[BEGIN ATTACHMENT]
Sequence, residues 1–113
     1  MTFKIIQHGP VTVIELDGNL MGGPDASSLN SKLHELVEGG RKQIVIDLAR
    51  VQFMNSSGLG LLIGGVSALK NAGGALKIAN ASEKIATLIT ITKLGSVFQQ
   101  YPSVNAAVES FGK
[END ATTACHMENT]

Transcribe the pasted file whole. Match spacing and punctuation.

Sequence, residues 1–113
     1  MTFKIIQHGP VTVIELDGNL MGGPDASSLN SKLHELVEGG RKQIVIDLAR
    51  VQFMNSSGLG LLIGGVSALK NAGGALKIAN ASEKIATLIT ITKLGSVFQQ
   101  YPSVNAAVES FGK